The Corner

‘It’s Time to Create Your Own Economy’

George Mason University’s Tyler Cowen has a very interesting article in Fast Company Magazine this month where he argues that today each on of us can create our own economy online. He writes:

More and more, “production” — that word my fellow economists have worked over for generations — has become interior to the human mind rather than set on a factory floor. A tweet may not look like much, but its value lies in the mental dimension. You use Twitter, Facebook, MySpace, and other Web services to construct a complex meld of stories, images, and feelings in your mind. No single bit seems weighty on its own, but the resulting blend is rich in joy, emotion, and suspense. This is a new form of drama, and it plays out inside us — with technological assistance — rather than on a public stage.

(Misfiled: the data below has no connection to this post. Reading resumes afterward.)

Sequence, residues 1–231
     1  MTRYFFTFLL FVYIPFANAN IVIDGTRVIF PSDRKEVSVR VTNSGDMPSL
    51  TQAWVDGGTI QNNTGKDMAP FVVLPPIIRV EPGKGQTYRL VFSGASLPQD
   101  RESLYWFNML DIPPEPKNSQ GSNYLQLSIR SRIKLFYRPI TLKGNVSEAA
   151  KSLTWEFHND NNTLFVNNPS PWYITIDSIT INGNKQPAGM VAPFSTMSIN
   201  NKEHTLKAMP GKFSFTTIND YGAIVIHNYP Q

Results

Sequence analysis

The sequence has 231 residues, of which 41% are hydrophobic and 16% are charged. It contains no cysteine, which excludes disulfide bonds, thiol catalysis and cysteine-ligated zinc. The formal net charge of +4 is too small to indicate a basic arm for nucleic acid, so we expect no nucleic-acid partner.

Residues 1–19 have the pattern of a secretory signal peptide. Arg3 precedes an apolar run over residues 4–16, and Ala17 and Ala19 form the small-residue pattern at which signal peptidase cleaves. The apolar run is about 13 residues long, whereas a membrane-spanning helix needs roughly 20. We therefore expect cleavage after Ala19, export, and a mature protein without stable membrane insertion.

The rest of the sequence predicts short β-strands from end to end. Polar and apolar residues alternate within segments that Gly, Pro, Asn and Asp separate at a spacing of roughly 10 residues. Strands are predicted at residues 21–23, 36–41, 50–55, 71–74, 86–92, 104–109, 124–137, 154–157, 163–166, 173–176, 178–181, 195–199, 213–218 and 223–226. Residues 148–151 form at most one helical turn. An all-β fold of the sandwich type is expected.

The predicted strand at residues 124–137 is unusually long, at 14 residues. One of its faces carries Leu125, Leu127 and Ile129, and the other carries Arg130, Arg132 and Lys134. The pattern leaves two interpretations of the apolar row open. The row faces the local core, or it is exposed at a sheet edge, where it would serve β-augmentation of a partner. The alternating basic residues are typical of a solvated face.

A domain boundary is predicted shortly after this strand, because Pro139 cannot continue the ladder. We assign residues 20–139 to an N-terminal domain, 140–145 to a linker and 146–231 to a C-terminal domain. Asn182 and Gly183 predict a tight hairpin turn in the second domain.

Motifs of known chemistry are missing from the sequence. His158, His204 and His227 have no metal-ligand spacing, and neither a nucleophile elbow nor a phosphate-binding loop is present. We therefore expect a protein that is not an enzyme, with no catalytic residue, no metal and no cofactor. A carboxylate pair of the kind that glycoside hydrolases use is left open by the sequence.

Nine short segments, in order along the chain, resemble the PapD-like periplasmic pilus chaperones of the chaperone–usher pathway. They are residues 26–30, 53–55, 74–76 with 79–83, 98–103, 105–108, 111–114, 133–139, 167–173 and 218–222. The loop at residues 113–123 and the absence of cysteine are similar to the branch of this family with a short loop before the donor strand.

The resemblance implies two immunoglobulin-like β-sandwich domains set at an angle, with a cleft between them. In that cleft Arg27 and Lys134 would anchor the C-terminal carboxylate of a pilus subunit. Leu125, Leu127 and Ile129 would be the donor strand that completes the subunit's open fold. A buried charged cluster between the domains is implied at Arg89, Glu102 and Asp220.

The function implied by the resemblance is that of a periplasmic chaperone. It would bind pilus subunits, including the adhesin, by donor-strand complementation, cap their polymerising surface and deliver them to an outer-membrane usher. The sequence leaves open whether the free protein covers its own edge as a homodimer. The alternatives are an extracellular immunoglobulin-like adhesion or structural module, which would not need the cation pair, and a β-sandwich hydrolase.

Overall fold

Online, you can literally create your own economy. By that, I mean you can build an ordered set of opportunities for prosperity and pleasure, analogous to a traditional economy but held in your head. There is no obvious monetary transaction, but you’re using your limited resources to get a better deal — the very essence of economics. In fact, “economics” comes from oikonomia, the ancient Greek word for household management, and the modern practice of economics is returning to that idea.

He explains also how a big share of the value created is not yet measured — or even measurable. But it will be one day.

Someday we’ll gain the tools to measure these new benefits. Twitter’s value will lie not in its eventual market cap but in the human connections it creates. My Twitter feed is a virtual meeting room with economists, aid workers, entrepreneurs, housewives, celebrities, and plain old friends. The Web unites millions of diverse individuals, who interact and sometimes even meet up or marry. The world has a lot more of these connections, even if we’ve yet to see all of their implications — including the traditional financial ones of new businesses, employment, and revenue. And it may sound counterintuitive, but the more time you spend staring at your screen, the bigger that human capital dividend will be.

For the whole thing, go here.

Veronique de Rugy — Veronique de Rugy is a senior research fellow at the Mercatus Center at George Mason University.

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